Strong to Severe Storms Possible over NE Alabama This Afternoon

AT 11:45 am: While most of Central Alabama remains dry with decent weather as we make the run-up to the midday hour on this first Monday of August, we do have a few storms over the extreme northeastern parts of the area. NWS Huntsville has just canceled the warning for Dekalb County and the warning for Cherokee County has been allowed to expire as the vigilante storm has now crossed the state line and moved into Georgia. We do have more scattered storms over the extreme eastern parts of the area, but these are not strong at this point.

Believe it or not, we actually have a level one marginal risk for severe storms up for the extreme eastern and northeastern parts of the area with damaging winds and large hail being the main threats. We’ve already had a report of quarter size hail in near Cedar Bluff with the warned storm that has exited Cherokee County. These storms are occurring in between the easterly flow off of Isaias and a stationary front across portions of the area. A few stronger storms may be possible, but as Isaias continues to move farther north, I believe we’ll see the risk for severe storms shrink with time.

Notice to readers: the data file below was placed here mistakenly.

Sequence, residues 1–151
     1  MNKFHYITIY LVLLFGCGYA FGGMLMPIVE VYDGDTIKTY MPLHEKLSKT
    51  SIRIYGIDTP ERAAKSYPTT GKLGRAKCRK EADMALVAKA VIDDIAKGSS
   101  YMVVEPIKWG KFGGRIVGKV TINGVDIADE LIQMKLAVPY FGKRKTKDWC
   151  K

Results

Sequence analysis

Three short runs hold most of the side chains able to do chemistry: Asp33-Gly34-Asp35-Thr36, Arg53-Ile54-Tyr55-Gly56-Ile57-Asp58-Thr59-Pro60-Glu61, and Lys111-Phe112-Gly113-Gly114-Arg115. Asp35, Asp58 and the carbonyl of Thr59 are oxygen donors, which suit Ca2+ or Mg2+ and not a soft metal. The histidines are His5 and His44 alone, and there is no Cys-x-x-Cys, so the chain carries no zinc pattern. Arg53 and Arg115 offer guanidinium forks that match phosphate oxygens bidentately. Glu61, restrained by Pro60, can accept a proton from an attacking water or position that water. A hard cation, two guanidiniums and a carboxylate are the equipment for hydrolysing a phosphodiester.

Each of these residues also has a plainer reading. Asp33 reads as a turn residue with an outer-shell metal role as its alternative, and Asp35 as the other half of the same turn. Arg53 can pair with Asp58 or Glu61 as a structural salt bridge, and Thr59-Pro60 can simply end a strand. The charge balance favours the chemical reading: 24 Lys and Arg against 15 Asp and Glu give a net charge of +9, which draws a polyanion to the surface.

There will be a very small chance of isolated showers or storms this afternoon for locations west of the I-59 corridor in Central Alabama, with slightly higher chances east of I-59. Scattered thunderstorms will remain possible from now through the remainder of the daylight hours for the extreme eastern parts of the area, especially from Gadsden to Alexander City to Troy. Afternoon highs will top out in the upper 80s to the mid-90s across the area. Once we lose sunlight, skies will begin to clear out and any shower activity will dissipate. We’ll be dry through the late-night and overnight hours, and lows will dip into a more comfortable range in the mid-60s to the lower 70s.

As for Invest 94L, it is located a few hundred miles north of the northern Leeward Islands, is producing disorganized showers and thunderstorms. Marginal environmental conditions could allow for some slow development of this system during the next several days, with a tropical depression possibly forming later this week. This system is forecast to move northwestward at about 15 mph over the southwestern Atlantic today and on Tuesday, and then stall several hundred miles southwest of Bermuda by the middle to the latter part of the week.

the next update on Tropical Storm Isaias will be out at 1:00 pm.

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